The recent death of a Greenbrier High School student in a car wreck is prompting school officials to enact new methods of keeping student motorists safe.
Lea Turner, a senior at Greenbrier, died Aug. 10 while on her way to school. Authorities say her fianc, Jason Banning, veered into oncoming traffic after he lost control of his Acura Integra.
The accident spurred administrators to come up with the safety-themed, weeklong event, which is tentatively set for next month on the Geenbrier campus.
"After the incident, we decided that this is something we're going to channel some energy toward," Greenbrier Assistant Principal Marjorie Hamilton said. "We don't want any more incidents like this."
Officials plan to erect street signs reminding students to use a seat belt and observe speed limits. They also will hold an assembly to ask students to pledge to drive safely, let students experience a driving simulator to help them maneuver through hazardous circumstances and offer informational packets and pamphlets.
"Our hope is to so completely saturate our students with positive safe driving messages that safe driving becomes the standard for our kids and our community," Greenbrier Principal Sandra Carraway wrote in a school newsletter sent to parents.
Columbia County schools once offered driver's education as an elective course but abandoned the curriculum in the late 1980s, said Michael Canady, the director of the school system's career education technology and alternative programs.
The liability of the course became too great, many insurance companies refused to underwrite the classes and several parents filed lawsuits against school systems and teachers after accidents, said Nettie Engels, the county's director of high school student learning.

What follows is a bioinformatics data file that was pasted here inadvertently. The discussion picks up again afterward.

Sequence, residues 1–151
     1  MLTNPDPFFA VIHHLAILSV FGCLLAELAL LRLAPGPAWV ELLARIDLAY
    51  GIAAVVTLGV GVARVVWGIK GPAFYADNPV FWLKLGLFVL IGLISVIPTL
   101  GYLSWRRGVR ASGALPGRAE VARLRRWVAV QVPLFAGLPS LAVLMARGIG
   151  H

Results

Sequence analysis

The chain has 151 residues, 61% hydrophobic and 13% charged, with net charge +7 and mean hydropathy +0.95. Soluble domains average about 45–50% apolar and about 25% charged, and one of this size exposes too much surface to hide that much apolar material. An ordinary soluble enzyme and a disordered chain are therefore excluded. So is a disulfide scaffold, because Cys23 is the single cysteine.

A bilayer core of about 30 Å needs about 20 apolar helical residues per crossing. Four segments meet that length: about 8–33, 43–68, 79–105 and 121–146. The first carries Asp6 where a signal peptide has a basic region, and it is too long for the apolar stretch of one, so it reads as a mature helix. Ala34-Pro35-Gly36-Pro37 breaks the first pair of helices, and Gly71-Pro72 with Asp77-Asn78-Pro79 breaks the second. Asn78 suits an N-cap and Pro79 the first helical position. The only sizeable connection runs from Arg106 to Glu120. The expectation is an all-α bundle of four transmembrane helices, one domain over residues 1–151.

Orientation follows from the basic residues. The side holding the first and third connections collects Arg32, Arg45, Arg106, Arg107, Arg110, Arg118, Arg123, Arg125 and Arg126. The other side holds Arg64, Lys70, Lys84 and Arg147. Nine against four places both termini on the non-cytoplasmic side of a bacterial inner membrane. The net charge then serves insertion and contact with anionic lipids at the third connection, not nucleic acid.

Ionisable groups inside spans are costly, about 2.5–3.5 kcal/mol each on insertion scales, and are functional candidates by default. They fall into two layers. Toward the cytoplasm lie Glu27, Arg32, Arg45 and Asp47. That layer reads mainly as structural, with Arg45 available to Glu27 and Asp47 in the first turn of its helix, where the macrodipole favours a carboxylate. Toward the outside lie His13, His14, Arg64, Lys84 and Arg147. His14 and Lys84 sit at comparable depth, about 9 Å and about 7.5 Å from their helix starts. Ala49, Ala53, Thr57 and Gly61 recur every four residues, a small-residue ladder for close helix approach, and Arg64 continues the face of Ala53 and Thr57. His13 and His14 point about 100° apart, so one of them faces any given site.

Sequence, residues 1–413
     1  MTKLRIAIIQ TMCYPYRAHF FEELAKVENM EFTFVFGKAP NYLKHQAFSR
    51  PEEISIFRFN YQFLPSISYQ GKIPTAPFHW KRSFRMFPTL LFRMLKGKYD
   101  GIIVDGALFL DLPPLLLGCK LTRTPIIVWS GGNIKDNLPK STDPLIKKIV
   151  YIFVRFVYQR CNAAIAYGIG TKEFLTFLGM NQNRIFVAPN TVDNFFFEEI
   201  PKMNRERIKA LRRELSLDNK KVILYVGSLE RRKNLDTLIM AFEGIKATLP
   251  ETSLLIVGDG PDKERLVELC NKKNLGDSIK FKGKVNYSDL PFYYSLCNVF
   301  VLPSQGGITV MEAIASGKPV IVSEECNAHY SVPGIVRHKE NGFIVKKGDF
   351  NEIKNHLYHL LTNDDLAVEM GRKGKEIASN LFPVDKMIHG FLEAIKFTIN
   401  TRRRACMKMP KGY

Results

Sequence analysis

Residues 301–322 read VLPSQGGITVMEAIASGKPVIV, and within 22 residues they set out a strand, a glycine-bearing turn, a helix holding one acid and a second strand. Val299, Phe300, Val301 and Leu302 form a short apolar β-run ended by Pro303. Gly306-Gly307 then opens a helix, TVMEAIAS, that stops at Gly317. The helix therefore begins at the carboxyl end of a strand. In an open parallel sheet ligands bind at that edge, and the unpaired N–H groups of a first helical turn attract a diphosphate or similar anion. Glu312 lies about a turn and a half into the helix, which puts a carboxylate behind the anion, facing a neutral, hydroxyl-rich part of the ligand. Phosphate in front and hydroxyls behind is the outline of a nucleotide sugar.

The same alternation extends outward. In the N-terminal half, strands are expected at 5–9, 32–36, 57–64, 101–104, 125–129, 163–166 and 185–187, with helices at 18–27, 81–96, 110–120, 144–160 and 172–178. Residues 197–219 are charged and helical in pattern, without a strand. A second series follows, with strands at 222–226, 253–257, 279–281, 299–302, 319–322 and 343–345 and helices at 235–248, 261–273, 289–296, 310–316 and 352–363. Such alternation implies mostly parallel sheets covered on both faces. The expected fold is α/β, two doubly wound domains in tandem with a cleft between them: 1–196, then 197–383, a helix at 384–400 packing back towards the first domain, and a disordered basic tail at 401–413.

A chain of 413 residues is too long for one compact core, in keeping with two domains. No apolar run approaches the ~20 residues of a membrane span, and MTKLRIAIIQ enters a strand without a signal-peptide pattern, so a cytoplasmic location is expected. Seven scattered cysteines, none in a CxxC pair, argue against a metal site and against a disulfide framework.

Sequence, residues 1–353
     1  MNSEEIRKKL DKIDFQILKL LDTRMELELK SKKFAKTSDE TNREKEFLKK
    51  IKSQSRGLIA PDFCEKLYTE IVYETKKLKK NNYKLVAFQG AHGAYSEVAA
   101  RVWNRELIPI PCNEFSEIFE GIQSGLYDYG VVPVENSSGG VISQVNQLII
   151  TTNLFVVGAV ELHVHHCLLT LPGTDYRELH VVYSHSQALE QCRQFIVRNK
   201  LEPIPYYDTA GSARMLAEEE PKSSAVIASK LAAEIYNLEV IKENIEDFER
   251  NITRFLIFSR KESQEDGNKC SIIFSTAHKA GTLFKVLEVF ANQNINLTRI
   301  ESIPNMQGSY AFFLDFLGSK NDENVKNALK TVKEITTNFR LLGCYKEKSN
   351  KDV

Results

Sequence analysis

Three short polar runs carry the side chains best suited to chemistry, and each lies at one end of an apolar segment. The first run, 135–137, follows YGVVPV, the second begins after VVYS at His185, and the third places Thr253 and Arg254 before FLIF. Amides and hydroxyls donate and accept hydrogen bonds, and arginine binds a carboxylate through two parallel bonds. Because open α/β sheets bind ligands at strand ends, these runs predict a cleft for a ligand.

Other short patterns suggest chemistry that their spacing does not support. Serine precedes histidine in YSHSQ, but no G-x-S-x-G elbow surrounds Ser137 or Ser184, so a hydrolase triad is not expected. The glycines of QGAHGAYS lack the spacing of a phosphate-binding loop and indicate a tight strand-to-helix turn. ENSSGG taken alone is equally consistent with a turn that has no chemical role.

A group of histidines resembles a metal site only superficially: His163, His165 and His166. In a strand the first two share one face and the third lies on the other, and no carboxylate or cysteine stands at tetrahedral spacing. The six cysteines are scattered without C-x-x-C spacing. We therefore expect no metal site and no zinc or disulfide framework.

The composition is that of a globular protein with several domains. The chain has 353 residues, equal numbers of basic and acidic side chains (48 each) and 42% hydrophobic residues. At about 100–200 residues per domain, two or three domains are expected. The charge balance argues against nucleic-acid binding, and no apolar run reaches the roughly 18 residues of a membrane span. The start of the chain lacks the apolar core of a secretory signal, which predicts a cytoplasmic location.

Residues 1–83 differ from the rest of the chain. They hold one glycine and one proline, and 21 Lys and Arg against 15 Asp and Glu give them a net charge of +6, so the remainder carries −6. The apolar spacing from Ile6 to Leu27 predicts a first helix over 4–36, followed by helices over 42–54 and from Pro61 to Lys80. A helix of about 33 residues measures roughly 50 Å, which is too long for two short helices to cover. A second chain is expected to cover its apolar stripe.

Richmond County also abandoned driver's education classes in its high schools more than 20 years ago.
The only area high schools that offer driver's education are Strom Thurmond High School in Edgefield County, Burke County High School and the seven high schools in Aiken County.
"We just see it as a service to our students, and it is a safety objective," said Dr. Frank Roberson, the associate superintendent of instruction for Aiken County schools.
Rick Umpleby, who has taught Burke County's driver education course for four of its eight years, said a local car dealer donates the vehicle for the course and the district pays the $60,000 for his salary, textbooks and insurance.
Overall, he said, the course has been a major help to the 80-100 students who take it each year. These students don't have to pay hundreds of dollars to go to a driver's school and can learn safe driving in a convenient location.
"I wholeheartedly support it," Mr. Umpleby said. "I've taught English for 25 years, and this is every bit as important as that. It's certainly not as academic, but it's a way of reaching them that can impact their futures."
Staff writer Karen Ethridge contributed to this story.
Reach Dena Levitz at (706) 823-3339 or Donnie Fetter at (706) 868-1222, ext. 113.